Of the Global Fortune Top 100 in 2009…Sinopec (Oil), CNPC (Oil), State Grid (Domestic Power), ICBC (Banking), China Mobile (Domestic Telco).

    I'm not worried about that list, but when combined with the FC reserves it makes me fear a bidding war for commodities and want to push alt sources harder.

    The real issue that's not on the list is our national debt, as it makes unwinding the imbalance a wicked problem.

    As for what to do to ride it out…buy hard assets…I like multifamily residential. Unless tent cities are en vogue, hard times will force people to trade down at the margins supporting demand for modest accommodations. Fixed rate debt will become less burdensome as interest rates / inflation rise. Value of the structures should float with inflation, providing a buffer for principal.

    -Aaron

    PS – One of the best economist covers ever showed container ships going from china to US loaded with goods, then making the return trip with IOUs.


  6. JeffreyJDavis

    7 years ago

    Frank – I agree that IPO volume is relatively unimportant. But unless you or I are one of them (last time I checked neither of us were), the number of billionaires is also somewhat unimportant. But the trade reserves has serious implications for the global economic balance.


  7. JeffreyJDavis

    7 years ago

    Great points, Aaron — on many levels. Thanks. I agree that competition for hard commodity resources (Cu, Al, Pt, Lithium) will definitely have an impact of wealth creation of nations over the next 10 years. Countries naturally rich in resources like the BRAC countries (Brazil, Russia, Australia, Canada) stand to do well when financial assets become of questionable value.


  8. FL

    7 years ago

    Jeff, yes the number of Millionaires makes much more sense. Here people talk about boosting domestic spending, but only talk. High flying property price and tax makes middle class more cautious with spending.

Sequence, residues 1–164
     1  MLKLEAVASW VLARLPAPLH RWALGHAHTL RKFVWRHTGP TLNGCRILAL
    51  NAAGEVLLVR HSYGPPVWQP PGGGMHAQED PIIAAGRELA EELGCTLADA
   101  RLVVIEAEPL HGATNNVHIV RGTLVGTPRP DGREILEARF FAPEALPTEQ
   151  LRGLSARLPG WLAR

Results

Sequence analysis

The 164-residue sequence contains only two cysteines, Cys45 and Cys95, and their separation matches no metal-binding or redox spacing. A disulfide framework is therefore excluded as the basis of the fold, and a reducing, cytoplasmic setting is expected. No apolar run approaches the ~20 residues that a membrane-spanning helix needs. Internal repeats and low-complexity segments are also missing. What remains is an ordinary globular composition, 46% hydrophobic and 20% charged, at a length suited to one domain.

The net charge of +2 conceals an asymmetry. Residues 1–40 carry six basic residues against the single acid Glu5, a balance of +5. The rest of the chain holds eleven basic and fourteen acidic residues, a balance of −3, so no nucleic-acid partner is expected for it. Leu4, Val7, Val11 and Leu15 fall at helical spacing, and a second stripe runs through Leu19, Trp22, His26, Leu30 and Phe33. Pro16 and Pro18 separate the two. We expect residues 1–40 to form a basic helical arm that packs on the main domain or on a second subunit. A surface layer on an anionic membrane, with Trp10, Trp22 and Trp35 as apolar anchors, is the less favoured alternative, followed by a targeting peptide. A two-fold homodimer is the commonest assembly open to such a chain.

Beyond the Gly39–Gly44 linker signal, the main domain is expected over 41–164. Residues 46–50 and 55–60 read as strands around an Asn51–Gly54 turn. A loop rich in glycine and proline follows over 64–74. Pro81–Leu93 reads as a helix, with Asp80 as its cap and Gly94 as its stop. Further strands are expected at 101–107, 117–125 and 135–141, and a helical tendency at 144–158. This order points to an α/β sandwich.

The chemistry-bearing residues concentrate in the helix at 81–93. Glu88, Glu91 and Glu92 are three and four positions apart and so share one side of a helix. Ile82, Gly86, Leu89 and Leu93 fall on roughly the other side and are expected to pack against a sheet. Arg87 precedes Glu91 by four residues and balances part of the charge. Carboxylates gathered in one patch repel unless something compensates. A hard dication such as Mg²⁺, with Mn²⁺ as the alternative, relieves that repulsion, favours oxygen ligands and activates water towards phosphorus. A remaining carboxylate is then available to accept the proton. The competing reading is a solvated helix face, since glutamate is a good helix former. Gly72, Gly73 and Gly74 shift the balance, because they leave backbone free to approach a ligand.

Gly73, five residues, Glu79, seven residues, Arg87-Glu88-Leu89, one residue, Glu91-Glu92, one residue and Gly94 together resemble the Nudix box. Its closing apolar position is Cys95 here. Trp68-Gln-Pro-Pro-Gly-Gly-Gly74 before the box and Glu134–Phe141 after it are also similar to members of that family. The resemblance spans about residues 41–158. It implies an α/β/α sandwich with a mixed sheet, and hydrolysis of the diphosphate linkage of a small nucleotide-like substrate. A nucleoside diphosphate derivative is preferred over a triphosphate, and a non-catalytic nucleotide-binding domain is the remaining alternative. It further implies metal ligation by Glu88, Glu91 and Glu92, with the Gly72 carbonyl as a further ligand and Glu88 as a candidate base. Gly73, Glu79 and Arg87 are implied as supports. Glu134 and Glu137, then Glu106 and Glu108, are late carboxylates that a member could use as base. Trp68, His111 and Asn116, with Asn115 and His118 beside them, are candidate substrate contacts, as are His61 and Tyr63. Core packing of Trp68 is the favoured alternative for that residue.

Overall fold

9. Greg Strosaker

    7 years ago

    I am just now seeing your comment Aaron. I agree that over time the Yuan needs to be allowed to float more freely (as all currencies should). I just believe that the benefits to the US of such a shift would be far smaller than most, especially politicians, proclaim. Currency manipulation has become an excuse for what is really an exaggerated view that US manufacturing cannot be competitive (our workforce training, education, and regulatory and tax environment should be far bigger concerns).


  10. Greg Strosaker

    7 years ago

    I am just now seeing your comment Aaron. I agree that over time the Yuan needs to be allowed to float more freely (as all currencies should). I just believe that the benefits to the US of such a shift would be far smaller than most, especially politicians, proclaim. Currency manipulation has become an excuse for what is really an exaggerated view that US manufacturing cannot be competitive (our workforce training, education, and regulatory and tax environment should be far bigger concerns).